As you may know, I voted against the Affordable Health Care for America Act (H.R. 3962) when it passed the House of Representatives on November 7th. This bill is simply bad policy that does little to assist the middle class. And while the flaws within the bill are numerous, some of the specific provisions have been glazed over by the press. Because the facts often best speak for themselves, I want you to know that:
H.R. 3962 is Bad for the Middle Class:
* H.R. 3962 requires individuals to purchase health insurance, but fails to define what qualifies as health insurance. That will be decided by a new "Health Choices Commissioner" who will be appointed by President Obama. Individuals who don't purchase "acceptable health care coverage" will be forced to pay a tax of 2.5% of modified adjusted gross income.
* According to the non-partisan Congressional Budget Office (CBO), H.R. 3962 will increase premiums. A new $2 billion tax on insurance policies, $20 billion tax on devices, and various new insurance regulations will be drive up the cost for patients of all ages in the form of higher premiums.
* H.R. 3962 also eliminates Health Savings Accounts (HSAs). Under the bill, the minimum cost sharing actuarial equivalence for health plans is 70%. However HSAs cost sharing structures are anywhere from 55%-65%, thus essentially outlawing HSAs as a "qualified plan".
* H.R. 3962 also eliminates the Private Individual Market. Despite the claim that current health care plans are "grandfathered" in, if an individual's current insurance company makes any additions to its plan (such as including more people or adding a newly found cure for cancer), it would trigger the mandate to have a government approved plan. After five years, all plans (including employer sponsored plans) must then meet a new federal definition for a "qualified" health care plan.
* The final bill omits language to protect individuals from government rationing. H.R. 3961 no longer contains a provision that states that the Health Benefits Advisory Committee - created to establish minimum benefit standards - should "ensure that essential benefits coverage does not lead to rationing of health care."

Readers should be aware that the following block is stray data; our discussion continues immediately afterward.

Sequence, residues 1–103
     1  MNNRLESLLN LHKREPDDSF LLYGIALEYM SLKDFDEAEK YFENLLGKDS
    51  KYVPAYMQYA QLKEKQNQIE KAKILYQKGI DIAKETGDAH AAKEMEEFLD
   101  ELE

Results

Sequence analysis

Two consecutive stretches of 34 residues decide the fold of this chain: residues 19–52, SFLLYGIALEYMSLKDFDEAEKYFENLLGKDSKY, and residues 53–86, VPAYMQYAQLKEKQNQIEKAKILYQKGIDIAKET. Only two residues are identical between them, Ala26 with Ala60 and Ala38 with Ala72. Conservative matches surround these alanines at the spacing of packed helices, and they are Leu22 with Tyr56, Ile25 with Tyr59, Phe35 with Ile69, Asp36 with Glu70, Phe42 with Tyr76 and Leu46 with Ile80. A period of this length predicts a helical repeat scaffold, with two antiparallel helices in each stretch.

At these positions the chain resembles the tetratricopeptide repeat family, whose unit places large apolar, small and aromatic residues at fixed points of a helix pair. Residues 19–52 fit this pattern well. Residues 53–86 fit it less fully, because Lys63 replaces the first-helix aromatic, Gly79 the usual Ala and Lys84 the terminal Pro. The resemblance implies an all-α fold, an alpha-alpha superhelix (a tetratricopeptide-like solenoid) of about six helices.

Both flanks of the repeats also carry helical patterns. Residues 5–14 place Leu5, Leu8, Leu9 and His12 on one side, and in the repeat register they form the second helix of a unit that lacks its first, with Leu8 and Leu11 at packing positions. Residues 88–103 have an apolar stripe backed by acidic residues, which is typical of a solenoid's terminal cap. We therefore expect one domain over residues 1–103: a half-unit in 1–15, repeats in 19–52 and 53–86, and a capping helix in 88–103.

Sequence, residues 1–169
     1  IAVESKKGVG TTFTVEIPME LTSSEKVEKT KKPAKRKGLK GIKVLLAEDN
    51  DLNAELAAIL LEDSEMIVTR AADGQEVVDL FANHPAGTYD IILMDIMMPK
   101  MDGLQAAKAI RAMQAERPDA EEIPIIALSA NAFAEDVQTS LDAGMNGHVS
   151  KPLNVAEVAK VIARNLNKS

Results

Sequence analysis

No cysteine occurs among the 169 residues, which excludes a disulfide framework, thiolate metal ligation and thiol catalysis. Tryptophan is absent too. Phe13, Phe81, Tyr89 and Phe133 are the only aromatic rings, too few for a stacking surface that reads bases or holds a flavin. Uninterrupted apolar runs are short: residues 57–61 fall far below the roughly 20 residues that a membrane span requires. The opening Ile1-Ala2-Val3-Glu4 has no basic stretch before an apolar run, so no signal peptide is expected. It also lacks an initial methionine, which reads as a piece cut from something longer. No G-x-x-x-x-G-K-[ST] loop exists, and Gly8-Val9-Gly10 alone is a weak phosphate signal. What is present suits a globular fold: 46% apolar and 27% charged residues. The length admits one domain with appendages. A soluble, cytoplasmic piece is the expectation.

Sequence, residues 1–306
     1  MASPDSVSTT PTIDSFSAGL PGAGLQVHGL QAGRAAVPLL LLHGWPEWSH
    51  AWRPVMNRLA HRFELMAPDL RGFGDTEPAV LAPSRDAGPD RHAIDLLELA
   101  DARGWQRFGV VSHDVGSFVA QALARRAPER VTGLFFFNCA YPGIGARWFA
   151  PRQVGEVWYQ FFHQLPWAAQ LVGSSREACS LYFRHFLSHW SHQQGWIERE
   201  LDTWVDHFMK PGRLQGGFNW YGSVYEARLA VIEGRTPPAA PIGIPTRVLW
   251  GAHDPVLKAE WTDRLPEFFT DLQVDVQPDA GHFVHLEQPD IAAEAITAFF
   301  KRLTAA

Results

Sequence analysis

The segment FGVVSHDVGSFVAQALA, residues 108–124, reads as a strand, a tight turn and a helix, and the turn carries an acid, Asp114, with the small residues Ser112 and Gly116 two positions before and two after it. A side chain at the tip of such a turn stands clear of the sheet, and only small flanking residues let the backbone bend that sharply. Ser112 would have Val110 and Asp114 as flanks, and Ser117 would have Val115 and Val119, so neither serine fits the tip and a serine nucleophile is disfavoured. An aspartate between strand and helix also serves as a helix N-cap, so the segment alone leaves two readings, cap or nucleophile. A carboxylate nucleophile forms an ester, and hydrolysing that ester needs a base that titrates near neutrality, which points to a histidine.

H.R. 3962 is Bad for Senior Citizens:
* H.R. 3962 cuts Medicare Advantage. If senior citizens like the Medicare Advantage plan they have now, they certainly won't be able to keep it -- the cuts to Medicare Advantage mean that the 22% of Medicare beneficiaries (11 million American senior citizens) enrolled in a Medicare Advantage plan will see their benefits cut. According to the CBO, the House bill "could lead many plans to limit the benefits they offer, raise their premiums, or withdraw from the program". The CMS Actuary Report finds that "Medicare Advantage enrollment would decrease by 64% (from a projected level of 13.2 million to 4.7 million under the proposal.)"
* H.R. 3962 increases Medicare Part D premiums. Despite the claim that the bill will close the Medicare Part D "donut hole", the CBO has stated that changes will raise Medicare Part B premiums by $25 billion and Part D premiums by 20 percent.
H.R. 3962 is Bad for Small Business:
* H.R. 3962 may force businesses to hire fewer workers, cut workers' hours, reduce the growth of wages or other benefits, and layoff current employees or pass along the costs to consumers. Companies with a payroll of $500,000 or more must offer health coverage to employees (regardless of whether they can afford to or not), or pay a penalty of at least 2% of payroll. If an employer with a payroll greater than $750,000 does not pay 72.5% of a single employee's health premium (65 percent of a family employee's), then the employer must pay an excise tax equal to 8% of average wages.
* The bill also contains $135 billion in new taxes for failure to comply with the "pay-or-play" employer mandate. It denies a tax deduction for employer health plans coordinating with Medicare Part D, delays for 9 years the implementation of the Worldwide Allocation of Interest, a corporate tax relief provision from the American Jobs Creation Act, overrides U.S. treaties for certain payments such that it increases taxes on U.S. employers with overseas operations and codifies of the "Economic Substance Doctrine", which allows the IRS to disallow a tax deduction or other tax relief simply because the IRS deems that the motive of the taxpayer was not primarily business-related (as opposed to tax-related).
* The bill provides a further penalty of $100 per employee per day for non-compliance with the "pay-or-play" mandate--subject only to a limit of $500,000 per year for unintentional failures on the part of the employer. Allows the new Commissioner to conduct audits of health benefits plans (paid for by the benefit plans).
I want you to know that I will continue to do all that I can to make sure that H.R. 3962 does NOT become law. As I have stated before, I do support commonsense reforms to our healthcare system but I refuse to vote for legislation that will ration care, lead to a government takeover of health care, allow government bureaucrats to stand between patients and their doctors and jeopardize the coverage of millions of people.